Animal rescue authorities want to stop a bad cycle, like they say has been occurring for years with 60-year-old Jay D. Williams on his 121-acre East Otto farm -- where they say starving, malnourished animals live and are eventually butchered in a slaughterhouse on the property.
The SPCA in Cattaraugus County says it's appalling that people like Williams and others accused of animal cruelty for allegedly starving their animals can continue to get away with it, even after they've been charged in previous cases and served jail time -- only to get out and start over again.
"It's frustrating that someone can starve an animal and it's a misdemeanor, and then if they do physical abuse to a dog or cat, that's a felony," said Kelly Chaffee, SPCA president, who spearheaded a raid last week that removed more than 70 farm animals, many of them sheep, lambs and chickens, from Williams' East Flats Road farm.
Many of them were taken by an animal advocacy/rescue group, Farm Sanctuary, to its Watkins Glen site to nurse them back to health. A handful of others, primarily horses, are with the SPCA.
Williams, previously convicted of animal cruelty and having served jail time for the offense, has been a familiar name in Cattaraugus County SPCA circles since 1992, when the agency first began receiving complaints.
He's also known to the U.S. Department of Agriculture, which has visited his farm and was present for the raid but is not talking publicly about the situation. In the latest incident, Williams faces two misdemeanor counts of animal cruelty under the State Agriculture & Markets Law, with more charges pending.
In last week's raid, lambs were described as looking bloated like "little basketballs" from trying to drink water to compensate for a lack of food; while a starving goat could only stand for about 30 seconds because it was so weak, authorities said.
Chaffee and others want to see recently proposed legislation by State Sen. Mark Grisanti, R-Buffalo, to create a statewide animal abuse central registry for anyone over 18 who is convicted in a case of animal abuse get approval and be signed into law.
If that happens, it would require abusers to register annually and would prohibit them from owning, adopting, buying or having control over an animal as long as they are required to register.
Any animal abuser who knowingly failed to register or provided false information would be charged with a felony, punishable by up to four years in prison or a fine up to $5,000, or both. Shelters and pet stores would be required to check the registry before selling or adopting out an animal.
"It would be a low-grade felony, but it's pretty serious," Grisanti said in an interview Sunday. "It gives it some teeth."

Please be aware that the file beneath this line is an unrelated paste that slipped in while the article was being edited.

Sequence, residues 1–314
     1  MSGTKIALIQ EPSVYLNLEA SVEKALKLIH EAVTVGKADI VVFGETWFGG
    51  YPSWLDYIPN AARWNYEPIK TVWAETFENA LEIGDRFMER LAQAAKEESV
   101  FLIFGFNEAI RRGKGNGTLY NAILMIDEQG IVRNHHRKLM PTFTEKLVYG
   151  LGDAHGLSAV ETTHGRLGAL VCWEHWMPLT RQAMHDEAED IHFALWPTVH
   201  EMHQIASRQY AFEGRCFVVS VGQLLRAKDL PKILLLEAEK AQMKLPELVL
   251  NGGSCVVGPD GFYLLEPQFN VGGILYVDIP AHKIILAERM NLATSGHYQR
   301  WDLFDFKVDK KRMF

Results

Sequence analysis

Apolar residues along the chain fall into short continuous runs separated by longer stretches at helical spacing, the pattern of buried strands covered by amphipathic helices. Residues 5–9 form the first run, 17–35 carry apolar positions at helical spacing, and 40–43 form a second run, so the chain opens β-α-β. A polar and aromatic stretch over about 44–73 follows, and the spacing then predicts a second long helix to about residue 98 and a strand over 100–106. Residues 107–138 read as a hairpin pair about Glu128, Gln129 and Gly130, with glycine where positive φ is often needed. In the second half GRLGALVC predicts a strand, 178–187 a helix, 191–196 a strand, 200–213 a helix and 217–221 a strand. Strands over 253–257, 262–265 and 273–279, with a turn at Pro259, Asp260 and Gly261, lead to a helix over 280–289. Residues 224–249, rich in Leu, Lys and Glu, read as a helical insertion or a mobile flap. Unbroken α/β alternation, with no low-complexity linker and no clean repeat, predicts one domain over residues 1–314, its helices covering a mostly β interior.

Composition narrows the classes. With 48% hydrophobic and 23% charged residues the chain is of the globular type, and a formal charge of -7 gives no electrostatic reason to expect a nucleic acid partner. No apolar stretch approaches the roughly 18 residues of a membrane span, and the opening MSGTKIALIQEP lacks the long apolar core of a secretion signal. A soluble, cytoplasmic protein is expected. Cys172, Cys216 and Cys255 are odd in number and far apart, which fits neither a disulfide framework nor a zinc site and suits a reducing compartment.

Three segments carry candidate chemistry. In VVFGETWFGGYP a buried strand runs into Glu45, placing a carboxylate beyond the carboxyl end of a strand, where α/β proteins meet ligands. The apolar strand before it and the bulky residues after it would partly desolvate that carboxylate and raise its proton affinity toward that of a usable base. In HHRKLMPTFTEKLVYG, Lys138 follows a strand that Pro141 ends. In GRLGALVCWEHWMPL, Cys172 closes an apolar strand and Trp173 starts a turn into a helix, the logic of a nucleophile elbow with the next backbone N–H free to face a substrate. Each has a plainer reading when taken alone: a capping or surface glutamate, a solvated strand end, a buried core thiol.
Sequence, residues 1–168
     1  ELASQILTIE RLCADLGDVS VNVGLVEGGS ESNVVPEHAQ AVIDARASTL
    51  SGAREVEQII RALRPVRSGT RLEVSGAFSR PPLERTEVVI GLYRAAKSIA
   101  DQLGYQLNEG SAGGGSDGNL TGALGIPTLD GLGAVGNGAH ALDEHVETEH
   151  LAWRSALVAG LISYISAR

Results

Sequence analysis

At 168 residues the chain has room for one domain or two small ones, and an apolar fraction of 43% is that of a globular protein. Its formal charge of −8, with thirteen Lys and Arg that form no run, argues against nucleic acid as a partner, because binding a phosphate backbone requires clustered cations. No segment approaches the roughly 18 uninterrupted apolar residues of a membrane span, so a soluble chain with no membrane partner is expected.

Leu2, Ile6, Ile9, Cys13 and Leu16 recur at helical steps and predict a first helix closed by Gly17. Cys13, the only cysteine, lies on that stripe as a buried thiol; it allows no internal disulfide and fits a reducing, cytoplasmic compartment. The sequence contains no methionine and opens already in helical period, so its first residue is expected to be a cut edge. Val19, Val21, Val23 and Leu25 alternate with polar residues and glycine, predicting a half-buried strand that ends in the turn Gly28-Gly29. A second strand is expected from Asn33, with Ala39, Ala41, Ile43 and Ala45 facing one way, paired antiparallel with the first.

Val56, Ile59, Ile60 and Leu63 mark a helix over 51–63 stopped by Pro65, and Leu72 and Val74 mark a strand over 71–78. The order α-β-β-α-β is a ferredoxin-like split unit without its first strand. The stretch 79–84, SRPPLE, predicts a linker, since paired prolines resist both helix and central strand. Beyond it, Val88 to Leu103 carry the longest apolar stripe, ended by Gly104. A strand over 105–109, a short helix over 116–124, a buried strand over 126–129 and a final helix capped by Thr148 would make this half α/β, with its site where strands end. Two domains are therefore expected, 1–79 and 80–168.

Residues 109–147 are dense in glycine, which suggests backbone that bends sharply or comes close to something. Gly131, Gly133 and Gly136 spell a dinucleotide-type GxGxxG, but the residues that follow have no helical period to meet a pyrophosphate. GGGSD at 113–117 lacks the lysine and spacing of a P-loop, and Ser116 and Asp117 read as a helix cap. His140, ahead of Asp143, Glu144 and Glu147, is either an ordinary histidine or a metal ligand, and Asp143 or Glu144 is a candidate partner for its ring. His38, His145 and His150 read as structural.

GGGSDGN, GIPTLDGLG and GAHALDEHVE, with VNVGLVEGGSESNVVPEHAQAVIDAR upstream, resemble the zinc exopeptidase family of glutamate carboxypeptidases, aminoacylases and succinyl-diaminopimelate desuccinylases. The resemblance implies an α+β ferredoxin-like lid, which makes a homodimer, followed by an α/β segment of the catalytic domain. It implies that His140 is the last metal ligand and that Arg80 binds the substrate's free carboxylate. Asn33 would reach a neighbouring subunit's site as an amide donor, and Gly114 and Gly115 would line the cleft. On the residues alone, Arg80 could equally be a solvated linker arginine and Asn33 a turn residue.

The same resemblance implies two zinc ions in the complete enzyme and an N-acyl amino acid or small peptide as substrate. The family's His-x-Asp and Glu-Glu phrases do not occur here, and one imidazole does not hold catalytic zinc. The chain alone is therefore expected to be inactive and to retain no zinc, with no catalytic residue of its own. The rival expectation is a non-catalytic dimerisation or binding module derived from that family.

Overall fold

His proposed changes are similar to other ones before the State Legislature that may be melded together before they are voted on this session, and if approved and signed into law, could take effect later this year.
"To me, animal abusers are heinous people who are hurting innocent animals," said Grisanti, who owns two dogs. "This registry would ensure they would be unable to own more possible victims in their future."
Williams' history of alleged neglect of farm animals is a long one. In 2000, the SPCA removed more than 100 animals, including goats, pigs, sheep and chickens, from his farm. An additional 100 animals were found dead.
At the time, Williams was charged with 100 counts of animal cruelty, which Chaffee said were later reduced to five counts, and he pleaded to one. The rescue and care effort cost around $10,000, she said.
The complaints have not stopped, and authorities say New York's laws are simply not tough enough. In 2006, an almost identical situation evolved again with Williams, this time including birds and rabbits, plus farm animals, the SPCA said.
Williams was charged with animal cruelty, though authorities said they suspected he likely loaded up the animals before they could rescue them and sold them at an auction. Williams was charged again, and in 2010, ended up serving 180 days in the county jail for the 2006 conviction.
Last summer, complaints started again. Then late last month, three horses were found dead at Williams' farm, leading authorities and a Springville veterinarian to check his latest animals before returning to conduct the raid last week.
Williams defended his farm in an interview with The Buffalo News, describing his regular routine for years of buying farm animals cheaply at area auctions -- many of which he said are thin and sickly -- and then bringing them to "feed out" before customers buy them to slaughter at his facility.
He said his operation helps him pay his $10,000 in yearly taxes on the farm and gives him some spending money. He was disappointed that a bull was seized that was to have been butchered today and would have yielded him $1,500. He insists he does not do the butchering himself, but that his customers do -- and that they use the meat for personal use because it is not USDA-stamped.
"They're telling me I should stamp the meat for sale. I don't feel I have to stamp it because I'm not doing the slaughtering," Williams said, insisting his customers do the actual butchering after they pick out the best animals at his farm.
Williams is upset that the USDA, he said, told him he would have to make many improvements to make his operation legal.
"It could cost me $4,000 to $10,000," he said.